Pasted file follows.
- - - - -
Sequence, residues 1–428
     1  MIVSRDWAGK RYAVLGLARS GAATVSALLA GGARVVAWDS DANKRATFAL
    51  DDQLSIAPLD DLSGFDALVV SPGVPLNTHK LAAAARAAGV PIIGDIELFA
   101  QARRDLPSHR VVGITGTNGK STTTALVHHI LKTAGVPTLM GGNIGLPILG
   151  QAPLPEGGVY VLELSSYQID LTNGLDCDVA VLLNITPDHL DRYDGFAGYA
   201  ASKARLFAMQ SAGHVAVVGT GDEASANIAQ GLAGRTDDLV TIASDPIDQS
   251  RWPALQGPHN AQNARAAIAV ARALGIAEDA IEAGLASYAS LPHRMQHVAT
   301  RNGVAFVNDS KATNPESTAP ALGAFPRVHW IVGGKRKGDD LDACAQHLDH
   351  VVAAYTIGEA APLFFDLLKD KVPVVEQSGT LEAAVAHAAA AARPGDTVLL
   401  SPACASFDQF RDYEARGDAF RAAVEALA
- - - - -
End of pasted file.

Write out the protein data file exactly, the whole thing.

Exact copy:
Sequence, residues 1–428
     1  MIVSRDWAGK RYAVLGLARS GAATVSALLA GGARVVAWDS DANKRATFAL
    51  DDQLSIAPLD DLSGFDALVV SPGVPLNTHK LAAAARAAGV PIIGDIELFA
   101  QARRDLPSHR VVGITGTNGK STTTALVHHI LKTAGVPTLM GGNIGLPILG
   151  QAPLPEGGVY VLELSSYQID LTNGLDCDVA VLLNITPDHL DRYDGFAGYA
   201  ASKARLFAMQ SAGHVAVVGT GDEASANIAQ GLAGRTDDLV TIASDPIDQS
   251  RWPALQGPHN AQNARAAIAV ARALGIAEDA IEAGLASYAS LPHRMQHVAT
   301  RNGVAFVNDS KATNPESTAP ALGAFPRVHW IVGGKRKGDD LDACAQHLDH
   351  VVAAYTIGEA APLFFDLLKD KVPVVEQSGT LEAAVAHAAA AARPGDTVLL
   401  SPACASFDQF RDYEARGDAF RAAVEALA